I remember this happening where I grew up on Long Island, where people started to bring bags to the grocery store. It started to be fashionable to not use plastic bags, and then all of a sudden it was legislation. I think that people are forgetting that if we make these small changes for a different world, we can be the nudge toward bigger change.

Is there an equivalent with plant-based eating that you can imagine — that would make you think, This shows that we can actually do something?

It would be people buying less meat. It would be people buying beans and tofu more than they’re buying meat at the grocery store. It would become fashionable and the norm to find yourself in the bean aisle more than it would be to find yourself by the butcher’s counter. In 2020, we did see that small surge in tofu sales.

I’m always saying that recipe developers have so much more power than they probably think they do in terms of influencing people to eat a certain way. If folks who have a huge following were to take a lot of the meat out of it — maybe not all of it — that’s also something that would drive that behavioral change to make beans desirable, to make tofu desirable; seitan, tempeh, etc. That’s the kind of thing that makes the cultural change happen, and the cultural change drives that political change.

But to be clear: To you, ideally, the metric of success is tempeh and bean sales going up, not necessarily Impossible Burger sales going up.

Yes, of course. Because Impossible Burgers are made with genetically modified soy, I think it’s still a problem of how we use land and how we use resources.

The future of food that you want to see is not tech companies, and what you cover in the book is subculture in a historical sense — restaurants like the long-standing Bloodroot or the now-closed Foodswings. Where do you see the most promising development when it comes to counterculture and plant-based eating right now?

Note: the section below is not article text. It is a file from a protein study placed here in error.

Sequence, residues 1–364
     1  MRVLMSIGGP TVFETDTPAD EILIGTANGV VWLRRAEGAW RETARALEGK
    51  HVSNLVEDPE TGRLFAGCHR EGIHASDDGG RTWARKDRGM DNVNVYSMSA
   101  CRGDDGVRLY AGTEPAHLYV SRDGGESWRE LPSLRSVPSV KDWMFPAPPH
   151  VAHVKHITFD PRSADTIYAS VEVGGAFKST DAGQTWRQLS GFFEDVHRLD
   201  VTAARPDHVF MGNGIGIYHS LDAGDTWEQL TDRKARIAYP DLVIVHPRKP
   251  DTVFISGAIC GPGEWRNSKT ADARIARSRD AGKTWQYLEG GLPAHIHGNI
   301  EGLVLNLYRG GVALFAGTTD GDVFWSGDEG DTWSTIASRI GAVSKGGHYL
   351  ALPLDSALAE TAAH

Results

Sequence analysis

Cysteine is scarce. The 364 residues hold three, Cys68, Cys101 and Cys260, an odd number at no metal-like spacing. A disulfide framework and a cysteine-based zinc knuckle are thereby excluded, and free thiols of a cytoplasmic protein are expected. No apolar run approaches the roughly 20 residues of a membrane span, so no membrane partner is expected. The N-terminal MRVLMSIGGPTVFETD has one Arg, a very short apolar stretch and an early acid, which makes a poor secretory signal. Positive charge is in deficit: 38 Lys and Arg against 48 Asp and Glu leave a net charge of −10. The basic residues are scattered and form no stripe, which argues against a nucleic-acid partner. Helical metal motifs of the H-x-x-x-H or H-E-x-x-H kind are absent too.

I’m not sure how much I explicitly see counterculture in plant-based eating right now. There’s Lagusta Yearwood at Lagusta’s Luscious in the Hudson Valley. Superiority Burger is still a place where what they’re doing is extremely rooted in a very clear ethos of hospitality that is very specific to vegetarian food. Donnet in Buenos Aires, Argentina, is cooking mushrooms and vegan food out of trying to make an ecological statement more so than out of a desire to be vegetarian or vegan. There’s Los Loosers in Mexico City. Pietramala in Philadelphia is doing the most ambitious vegan food I’ve ever seen in my entire life.

We’re seeing this moment that’s really interesting where vegan food is becoming this elevated fine dining. I think these folks tend to come from subculture — usually the punk or hardcore scene — but it’s interesting to see it have this expression now, which is so associated with fine dining.

Yeah, we’re at a point where it’s just good, interesting food now, not just vegetarian food. Do you think that’s a good thing?

I think that’s the goal — that’s it. If anything, I think that good food is what gets people in the door and changes people’s minds about what plant-based food is, and changing people’s minds about what plant-based food is changes, hopefully, the way they eat on a regular basis.

This conversation has been edited and condensed for length and clarity.